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Letter from Gertrude Bell to her father, Sir Hugh Bell

Letter in which Bell discusses the ongoing political crisis within the Iraq government, referring specifically to the conflict between the Minister of Interior, Muhsin Beg, and the Prime Minister, Yasin Pasha, and a visit by Maurice Pernot, editor of Revue des Deux Mondes, and his wife, who is interested in "the state of Moslem feeling" towards the West. She ends by noting her travel plans for the following week, and by giving a brief update in relation to her earlier comments regarding the ongoing political crisis, stating that Muhsin Beg's proposals for Cabinet are now being debated and making reference to Sir Henry Dobbs' preference for Minister of Finance, Naji Suwaidi.
Reference code
Bell, Sir Thomas Hugh Lowthian
Bell, Gertrude Margaret Lowthian
Person(s) mentioned
Hashimi, Yasin al-
Suwaydi, Naji al-
Dobbs, Henry
Cornwallis, Ken
Eskell, Sassoon
Sa'id, Nuri al-
Cooke, R.S.
Clayton, Iltyd
Creation Date
Extent and medium
1 letter, paper

33.315241, 44.3660671

Baghdad June 24 Dearest Father. I [sic] was very nice to get your letter from home of June 11 and Mother's of June 10 in which she says she is suffering so from the heat. I know what will happen - by the time I get home it will be icy and will remain so for the next two months' of my leave. And probably rain all the time. However perhaps that will be a pleasant change.
I was cut to the heart about Anthony. I hope you will give me some news of Sylvia.

An interesting man came to see me on Monday, one Pernot. He is editor of the Revue des Deux Mondes and is making an exhaustive enquiry for it and for the Débats into the state of Moslem feeling towards the West. He is said to be very anti-British, or at least very pro-French, but the first quality didn't emerge in his talk. His wife is with him but I haven't seen her yet. They are both dining with me tomorrow. They have come from India and Afghanistan and are going on to Persia and Turkey. He knows Turkey very well, was here in 1912 and in Angora [Ankara (Ancyra)] in 1923. I have Ken and Iltyd and Nuri to meet them tomorrow.

Otherwise our social existence is uneventful. The Sinbads swam and picknicked with Ken, Iltyd, Mr Cooke, and me on Sunday and I swim generally three afternoons in the week with more or less the same party. Today Ken and I are taking the J.M. Wilsons. It is really the only nice thing to do in the afternoon. It has been very hot and stuffy the last few days and the river correspondingly - and pleasantly - warmer.

Politically we are in full crisis. The Cabinet has been at sixes and sevens for weeks past, the main cause of disruption being a fundamental difference in outlook between the Minister of Interior, Muhsin Beg, and the Prime Minister, Yasin Pasha. Yasin is the ablest man here but as crooked as he can be and neither trusted nor liked by anyone. The struggle came over the elections and Muhsin won. Dim as is political understanding in this country people feel vaguely that in following him they are backing the status quo, the Arab Kingdom as it is, with the British connection and all else. Yasin's supporters are the people who think they will have richer fishing in troubled waters; he backed them surreptitiously and scarcely any of them got in. The feeling, I think, that he could not possibly face a parliament of this complexion - nor can he - he reverted again to the disunion of the Cabinet. Finally they all settled to resign and Yasin was asked to form a new one. He has tried for two days and failed, and now Muhsin has been charged with the task. He is not going to find it easy either; the Ministry of Finance is the crux. Sasun has been quite impossible to work with and neither side want him back again, but there is really no one else to be an effective Finance Minister and with no Adviser - for H.M.G. has not found anyone yet to succeed Mr Slater - an effective Minister is needed.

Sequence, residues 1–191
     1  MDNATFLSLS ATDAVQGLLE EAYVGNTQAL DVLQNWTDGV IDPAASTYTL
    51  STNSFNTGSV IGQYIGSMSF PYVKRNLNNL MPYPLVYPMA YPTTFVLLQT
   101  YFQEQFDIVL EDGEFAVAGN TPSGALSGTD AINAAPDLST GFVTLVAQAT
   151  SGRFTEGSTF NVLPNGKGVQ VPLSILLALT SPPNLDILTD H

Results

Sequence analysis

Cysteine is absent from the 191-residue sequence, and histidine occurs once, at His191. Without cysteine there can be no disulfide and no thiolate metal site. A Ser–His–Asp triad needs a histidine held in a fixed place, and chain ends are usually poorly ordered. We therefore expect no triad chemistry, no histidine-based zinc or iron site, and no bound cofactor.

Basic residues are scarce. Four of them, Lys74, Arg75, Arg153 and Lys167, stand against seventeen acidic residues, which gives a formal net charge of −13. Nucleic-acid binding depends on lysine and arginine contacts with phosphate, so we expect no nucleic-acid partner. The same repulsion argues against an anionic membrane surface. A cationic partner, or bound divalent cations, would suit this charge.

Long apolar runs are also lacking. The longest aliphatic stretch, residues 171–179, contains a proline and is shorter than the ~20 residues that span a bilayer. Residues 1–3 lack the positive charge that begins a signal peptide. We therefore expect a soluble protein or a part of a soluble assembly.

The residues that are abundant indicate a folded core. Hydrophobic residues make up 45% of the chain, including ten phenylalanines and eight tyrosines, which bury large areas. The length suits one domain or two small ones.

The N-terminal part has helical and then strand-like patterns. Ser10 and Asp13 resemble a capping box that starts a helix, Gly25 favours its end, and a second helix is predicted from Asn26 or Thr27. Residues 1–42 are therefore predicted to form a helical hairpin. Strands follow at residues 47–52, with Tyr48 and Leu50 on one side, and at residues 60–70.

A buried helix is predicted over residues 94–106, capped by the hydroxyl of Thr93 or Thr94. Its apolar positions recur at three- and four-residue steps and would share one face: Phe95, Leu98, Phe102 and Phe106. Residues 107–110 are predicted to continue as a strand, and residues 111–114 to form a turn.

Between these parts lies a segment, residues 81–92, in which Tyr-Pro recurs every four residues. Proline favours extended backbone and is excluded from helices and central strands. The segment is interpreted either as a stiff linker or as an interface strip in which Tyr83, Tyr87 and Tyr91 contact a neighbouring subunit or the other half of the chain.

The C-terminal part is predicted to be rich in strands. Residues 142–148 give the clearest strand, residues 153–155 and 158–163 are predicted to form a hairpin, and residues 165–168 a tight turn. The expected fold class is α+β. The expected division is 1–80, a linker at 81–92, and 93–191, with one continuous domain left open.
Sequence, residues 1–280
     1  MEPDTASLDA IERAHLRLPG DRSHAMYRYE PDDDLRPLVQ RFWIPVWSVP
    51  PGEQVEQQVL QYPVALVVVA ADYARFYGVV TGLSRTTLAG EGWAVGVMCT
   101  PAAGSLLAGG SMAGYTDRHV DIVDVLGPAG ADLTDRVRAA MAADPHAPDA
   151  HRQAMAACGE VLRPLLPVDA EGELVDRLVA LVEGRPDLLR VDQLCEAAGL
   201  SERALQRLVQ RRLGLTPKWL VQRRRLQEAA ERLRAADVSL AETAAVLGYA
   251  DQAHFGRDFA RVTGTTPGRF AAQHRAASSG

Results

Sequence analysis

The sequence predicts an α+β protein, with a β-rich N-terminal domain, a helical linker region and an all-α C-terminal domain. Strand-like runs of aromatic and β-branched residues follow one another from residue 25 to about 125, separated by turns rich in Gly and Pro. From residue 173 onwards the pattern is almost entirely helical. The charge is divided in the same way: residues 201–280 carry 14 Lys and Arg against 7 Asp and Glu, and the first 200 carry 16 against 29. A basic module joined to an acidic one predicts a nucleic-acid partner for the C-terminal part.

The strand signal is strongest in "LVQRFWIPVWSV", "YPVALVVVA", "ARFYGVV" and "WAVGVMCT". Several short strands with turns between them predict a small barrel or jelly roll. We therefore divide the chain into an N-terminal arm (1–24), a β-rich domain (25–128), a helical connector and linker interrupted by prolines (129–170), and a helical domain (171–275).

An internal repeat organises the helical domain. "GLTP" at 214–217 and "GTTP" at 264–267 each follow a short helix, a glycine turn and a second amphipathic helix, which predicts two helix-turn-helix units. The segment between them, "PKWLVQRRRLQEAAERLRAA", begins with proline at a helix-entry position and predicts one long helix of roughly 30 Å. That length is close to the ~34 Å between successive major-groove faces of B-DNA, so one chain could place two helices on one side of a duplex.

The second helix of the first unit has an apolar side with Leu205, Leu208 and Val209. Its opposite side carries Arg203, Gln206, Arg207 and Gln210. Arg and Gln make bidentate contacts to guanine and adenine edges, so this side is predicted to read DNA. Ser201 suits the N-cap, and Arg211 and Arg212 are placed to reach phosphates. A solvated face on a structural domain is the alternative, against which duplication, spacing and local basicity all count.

I personally hope that Muhsin will succeed. He is an honourable man and he stands for stability. I believe it will be found that he has a majority in parliament for on the whole the country is all in favour of stability. It's a pity that here or elsewhere the economic stringency presses so greatly. Trade is at a low ebb and a bad harvest has made things specially difficult. However - !

I am not looking forward to the first part of my journey. We leave at 9 a.m. on Tuesday week (July 7) and go practically straight through to Haifa by car, two or three hours at Beyrout [Beyrouth (Beirut)] only. We arrive at Haifa on Wed at 8 p.m. and catch the train for Alexandria on Thursday at 8 a.m. Alexandria Friday morning and embark at noon on a Lloyd Triestino for Venice [Venezia]. Lionel will, I hope, join my train at Ludd [Lod (Lydda)]. I think it will be fearfully tiring. Marie comes with me.

June 25. [25 June 1925] Muhsin has made proposals for his Cabinet; they are now being debated. Sir Henry is inclined to insist that the Minister of Finance should be bi-lingual and the only available person who possesses this qualification is that very slippery gentleman, Naji Suwaidi.
Goodbye dearest. There's a despatch waiting to be written for Sir Henry. Ever your very affectionate daughter Gertrude

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